BASC is advising members not to participate in a voluntary cartridge retention scheme being undertaken by Greater Manchester Police (GMP).
GMP is asking certificate holders to collect samples of spent cartridge cases from all firearms in their possession and claims the scheme may help identify shotguns stolen and subsequently used in crime.
BASC has written to GMP Chief Constable Ian Hopkins to outline concerns about the scheme, which it believes is not based on sound science, is ineffective and will waste police time.
Bill Harriman, BASC’s director of firearms and an accredited firearms forensics expert, said: “This is not a new idea. It was tried and discarded by GMP and other police forces a few years ago. It is not scientifically sound.
“The information yielded from a fired cartridge case is generally only good at the time when it was fired because a gun’s forensic profile changes each time it is used. The profile of a shotgun’s barrels would change over a 100-bird clay session and also after a good clean with a phosphor bronze brush.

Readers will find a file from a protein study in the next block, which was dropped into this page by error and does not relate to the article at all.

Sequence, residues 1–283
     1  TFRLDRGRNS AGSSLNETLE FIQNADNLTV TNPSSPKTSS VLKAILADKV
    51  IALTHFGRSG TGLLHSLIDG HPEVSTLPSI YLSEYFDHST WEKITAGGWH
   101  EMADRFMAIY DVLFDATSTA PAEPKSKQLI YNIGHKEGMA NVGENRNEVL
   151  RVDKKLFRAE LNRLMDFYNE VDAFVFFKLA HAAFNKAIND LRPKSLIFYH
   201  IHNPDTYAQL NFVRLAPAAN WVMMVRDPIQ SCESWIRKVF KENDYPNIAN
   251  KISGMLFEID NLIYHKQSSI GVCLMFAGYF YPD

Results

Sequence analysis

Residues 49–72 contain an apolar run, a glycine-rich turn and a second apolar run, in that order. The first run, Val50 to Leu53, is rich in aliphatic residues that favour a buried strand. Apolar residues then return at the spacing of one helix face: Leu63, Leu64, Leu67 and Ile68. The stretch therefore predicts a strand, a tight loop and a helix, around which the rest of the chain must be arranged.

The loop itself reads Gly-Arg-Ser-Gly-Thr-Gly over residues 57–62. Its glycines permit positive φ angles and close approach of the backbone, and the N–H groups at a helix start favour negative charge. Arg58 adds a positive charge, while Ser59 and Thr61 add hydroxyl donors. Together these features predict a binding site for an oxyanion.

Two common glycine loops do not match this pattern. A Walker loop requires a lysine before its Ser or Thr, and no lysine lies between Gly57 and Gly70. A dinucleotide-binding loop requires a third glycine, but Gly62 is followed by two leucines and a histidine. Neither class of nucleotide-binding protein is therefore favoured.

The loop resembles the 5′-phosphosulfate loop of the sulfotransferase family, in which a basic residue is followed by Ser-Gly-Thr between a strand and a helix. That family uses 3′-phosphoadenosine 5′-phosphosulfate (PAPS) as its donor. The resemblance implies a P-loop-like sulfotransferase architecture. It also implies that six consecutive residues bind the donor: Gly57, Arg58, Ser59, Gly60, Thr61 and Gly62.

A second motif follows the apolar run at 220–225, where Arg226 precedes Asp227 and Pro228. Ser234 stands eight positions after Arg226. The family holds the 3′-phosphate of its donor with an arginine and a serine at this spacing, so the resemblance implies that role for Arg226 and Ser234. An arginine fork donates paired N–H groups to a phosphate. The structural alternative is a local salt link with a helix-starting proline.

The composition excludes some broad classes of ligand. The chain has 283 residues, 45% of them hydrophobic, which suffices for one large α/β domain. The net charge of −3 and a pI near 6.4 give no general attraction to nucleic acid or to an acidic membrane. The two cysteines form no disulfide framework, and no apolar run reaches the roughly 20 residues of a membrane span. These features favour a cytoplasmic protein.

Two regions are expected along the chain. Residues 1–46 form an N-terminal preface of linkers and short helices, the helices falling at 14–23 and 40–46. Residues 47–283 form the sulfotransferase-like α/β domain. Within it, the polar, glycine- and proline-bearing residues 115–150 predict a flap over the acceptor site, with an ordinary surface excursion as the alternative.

“A scheme such as this is only effective when you have guns firing a small number of cartridges occasionally.
“The forensic information recovered from a fired case is dependent on at least four factors and essentially, what can be gleaned from a gun firing cartridge brand A may not be the same as the same gun with cartridge brand B.”
While BASC, the UK’s largest shooting organisation, was not consulted by GMP before the scheme was rolled out, the association has offered the force the support of its full-time firearms team.
Mr Harriman added: “BASC is always happy to set its hand to any police initiative that will strike at armed crime. That is not the case here because this scheme is not based on sound science. BASC does not support this scheme and advises its members not to participate in it.
“Nevertheless, we will gladly work with GMP to help improve the service it provides to its certificate holders.”